Politics & Media
Jul 18, 2008, 07:47AM

Mario, Donkey Kong, Jihadi?

Virtual Jihadi, a video game that pits players as a dynamite-strapped Iraqi trying to kill President Bush, opened as an art exhibit in New York, was shut down in the first day, and moved to Chicago. Wafaa Bilal, the game's creator, said that the game's purpose was to bring the Iraq War back to the front lines of the American mindset, a goal that was lost in the controversy.

My girlfriend can sit in a room for three hours and listen to her hair grow and not get bored. And while I'm crazy about her and I admire that ability, it's not something I'm anxious (or able) to learn. I'm a cross-bred product of the Ritalin generation and the media meme - in constant need of information intake. So, while I put away four laundry baskets of clothes Tuesday night, I had MSNBC on, mindlessly taking in what was spit out by the Obama Channel (I'll say MSNBC provides balance with Fox News a lot like a baby grand piano would if it were dropped onto a seesaw. If it were dropped onto said seesaw from 15 stories up and the other end of the see-saw had a 4-year-old girl on it). Nestled in between critically life-altering stories about Star Jones' ex-boyfriend's strong heterosexual tendencies (you'd think dating Star Jones would have the opposite effect) and Angelina Jolie giving birth in France (that's where all the cool people have babies, evidently) was a rare piece of interesting news.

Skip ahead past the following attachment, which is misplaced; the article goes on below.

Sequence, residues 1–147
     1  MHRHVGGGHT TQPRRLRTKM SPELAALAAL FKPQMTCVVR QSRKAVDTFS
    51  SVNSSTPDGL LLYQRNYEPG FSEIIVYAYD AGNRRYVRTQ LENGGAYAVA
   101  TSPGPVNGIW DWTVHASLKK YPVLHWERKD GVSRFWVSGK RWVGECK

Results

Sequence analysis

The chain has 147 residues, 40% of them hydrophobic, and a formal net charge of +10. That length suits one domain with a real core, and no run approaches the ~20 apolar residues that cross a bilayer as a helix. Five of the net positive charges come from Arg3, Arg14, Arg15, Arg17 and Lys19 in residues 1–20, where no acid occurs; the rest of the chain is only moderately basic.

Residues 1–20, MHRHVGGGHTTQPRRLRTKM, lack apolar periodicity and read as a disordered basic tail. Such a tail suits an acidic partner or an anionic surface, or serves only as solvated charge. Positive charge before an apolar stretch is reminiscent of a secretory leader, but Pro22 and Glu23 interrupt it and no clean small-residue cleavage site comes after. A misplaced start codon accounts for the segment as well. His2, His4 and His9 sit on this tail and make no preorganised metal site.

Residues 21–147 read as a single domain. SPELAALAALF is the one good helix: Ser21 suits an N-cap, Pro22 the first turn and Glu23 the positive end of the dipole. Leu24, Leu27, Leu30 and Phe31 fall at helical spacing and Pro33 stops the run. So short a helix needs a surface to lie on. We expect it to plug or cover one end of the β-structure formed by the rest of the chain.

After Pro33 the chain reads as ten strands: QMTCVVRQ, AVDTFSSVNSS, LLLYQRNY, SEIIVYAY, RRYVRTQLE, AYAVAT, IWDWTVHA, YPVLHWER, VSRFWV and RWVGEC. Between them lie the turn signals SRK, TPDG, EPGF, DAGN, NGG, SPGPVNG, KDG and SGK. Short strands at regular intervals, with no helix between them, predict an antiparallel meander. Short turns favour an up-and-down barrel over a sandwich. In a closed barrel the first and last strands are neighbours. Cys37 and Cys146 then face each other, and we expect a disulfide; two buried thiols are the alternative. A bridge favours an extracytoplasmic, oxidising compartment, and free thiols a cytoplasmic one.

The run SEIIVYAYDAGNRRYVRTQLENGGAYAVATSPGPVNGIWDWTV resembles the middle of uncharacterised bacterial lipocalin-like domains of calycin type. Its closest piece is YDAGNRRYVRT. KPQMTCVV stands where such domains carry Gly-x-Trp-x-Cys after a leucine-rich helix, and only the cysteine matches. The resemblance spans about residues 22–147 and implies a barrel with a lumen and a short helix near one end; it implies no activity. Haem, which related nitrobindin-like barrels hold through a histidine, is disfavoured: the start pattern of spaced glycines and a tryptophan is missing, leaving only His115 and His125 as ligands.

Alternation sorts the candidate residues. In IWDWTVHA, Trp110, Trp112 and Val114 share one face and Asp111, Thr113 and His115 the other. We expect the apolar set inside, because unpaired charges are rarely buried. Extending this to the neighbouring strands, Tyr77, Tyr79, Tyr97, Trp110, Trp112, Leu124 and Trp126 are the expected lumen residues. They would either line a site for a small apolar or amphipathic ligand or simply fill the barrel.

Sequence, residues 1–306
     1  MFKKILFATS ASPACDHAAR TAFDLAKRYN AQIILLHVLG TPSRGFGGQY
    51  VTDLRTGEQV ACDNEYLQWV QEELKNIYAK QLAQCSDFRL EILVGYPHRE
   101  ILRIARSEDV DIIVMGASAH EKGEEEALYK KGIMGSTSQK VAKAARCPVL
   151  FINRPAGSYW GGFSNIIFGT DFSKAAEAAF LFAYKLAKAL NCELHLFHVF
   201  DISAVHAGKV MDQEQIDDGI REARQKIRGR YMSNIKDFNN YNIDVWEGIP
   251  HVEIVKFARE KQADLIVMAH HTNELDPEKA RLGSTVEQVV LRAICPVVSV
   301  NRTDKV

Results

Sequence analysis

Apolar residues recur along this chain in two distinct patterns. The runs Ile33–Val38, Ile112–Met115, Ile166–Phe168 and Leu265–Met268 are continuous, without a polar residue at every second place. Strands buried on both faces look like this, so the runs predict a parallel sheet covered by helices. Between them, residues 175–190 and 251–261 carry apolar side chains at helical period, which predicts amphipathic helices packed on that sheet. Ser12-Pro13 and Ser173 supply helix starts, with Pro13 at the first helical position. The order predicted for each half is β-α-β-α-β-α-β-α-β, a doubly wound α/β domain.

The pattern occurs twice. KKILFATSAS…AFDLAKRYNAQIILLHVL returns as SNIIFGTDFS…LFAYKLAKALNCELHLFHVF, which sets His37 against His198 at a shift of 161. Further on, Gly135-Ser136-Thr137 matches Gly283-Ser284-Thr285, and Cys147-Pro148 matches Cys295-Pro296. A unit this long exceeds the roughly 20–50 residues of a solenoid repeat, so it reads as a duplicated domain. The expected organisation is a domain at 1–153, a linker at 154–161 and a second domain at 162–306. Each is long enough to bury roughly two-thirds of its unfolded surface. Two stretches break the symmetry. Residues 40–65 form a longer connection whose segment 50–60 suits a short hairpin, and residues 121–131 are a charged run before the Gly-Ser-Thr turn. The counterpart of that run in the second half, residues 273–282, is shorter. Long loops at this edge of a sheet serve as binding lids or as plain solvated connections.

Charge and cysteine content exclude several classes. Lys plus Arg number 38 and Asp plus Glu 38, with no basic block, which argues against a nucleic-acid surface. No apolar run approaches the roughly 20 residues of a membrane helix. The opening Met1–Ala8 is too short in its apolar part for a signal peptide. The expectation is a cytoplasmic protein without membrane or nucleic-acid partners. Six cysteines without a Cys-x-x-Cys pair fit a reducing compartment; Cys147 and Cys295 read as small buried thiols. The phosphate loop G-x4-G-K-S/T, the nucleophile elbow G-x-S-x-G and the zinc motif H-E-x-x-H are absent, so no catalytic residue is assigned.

An art exhibit in New York offended so many people it was shut down on opening day, and has since moved to Chicago. The art in question wasn't a life-sized statue of Donald Trump's ego or a painting of the pope dropping a deuce. It was a video game.

This wouldn't seem to be anything new. We've dealt with Grand Theft Auto and the like, suffering through infinite debate about the morality of what we do in a fictional situation on a television screen. This game was different, different enough to warrant being booted from one of the most progressive and diverse communities in the world.

The game is called Virtual Jihadi. Its main character is an Iraqi, similar to its Iraqi-born creator, Wafaa Bilal. The hero wears a belt of dynamite around his torso; his ultimate goal to kill President Bush.

So New York is fairly progressive and open-minded. It also has a massive crater where the World Trade Center towers once stood. Is this "art" - obviously meant to stir discussion and generate publicity through its own existence - truly threatening to Bush? Is it free speech, or just disrespectful?


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